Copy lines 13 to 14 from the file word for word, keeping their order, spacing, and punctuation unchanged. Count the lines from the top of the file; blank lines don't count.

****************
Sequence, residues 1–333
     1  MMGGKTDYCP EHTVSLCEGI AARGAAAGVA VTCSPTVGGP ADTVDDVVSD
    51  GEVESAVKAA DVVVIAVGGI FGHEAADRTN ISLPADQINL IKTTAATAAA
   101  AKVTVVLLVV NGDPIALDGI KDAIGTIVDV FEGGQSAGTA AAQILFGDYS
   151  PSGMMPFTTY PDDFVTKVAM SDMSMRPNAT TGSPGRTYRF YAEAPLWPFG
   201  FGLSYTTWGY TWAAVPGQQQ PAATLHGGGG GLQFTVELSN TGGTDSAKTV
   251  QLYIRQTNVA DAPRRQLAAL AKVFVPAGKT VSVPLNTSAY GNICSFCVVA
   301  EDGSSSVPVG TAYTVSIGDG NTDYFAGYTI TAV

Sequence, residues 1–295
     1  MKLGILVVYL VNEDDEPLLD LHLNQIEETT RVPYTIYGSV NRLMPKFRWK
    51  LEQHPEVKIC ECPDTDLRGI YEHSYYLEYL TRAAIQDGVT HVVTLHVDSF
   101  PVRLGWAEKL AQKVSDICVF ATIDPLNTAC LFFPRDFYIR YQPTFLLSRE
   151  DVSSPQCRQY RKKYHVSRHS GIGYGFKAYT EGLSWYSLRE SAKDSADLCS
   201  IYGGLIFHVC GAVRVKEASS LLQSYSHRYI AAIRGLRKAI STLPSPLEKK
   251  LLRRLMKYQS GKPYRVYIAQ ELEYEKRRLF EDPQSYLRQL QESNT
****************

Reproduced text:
   151  DVSSPQCRQY RKKYHVSRHS GIGYGFKAYT EGLSWYSLRE SAKDSADLCS
   201  IYGGLIFHVC GAVRVKEASS LLQSYSHRYI AAIRGLRKAI STLPSPLEKK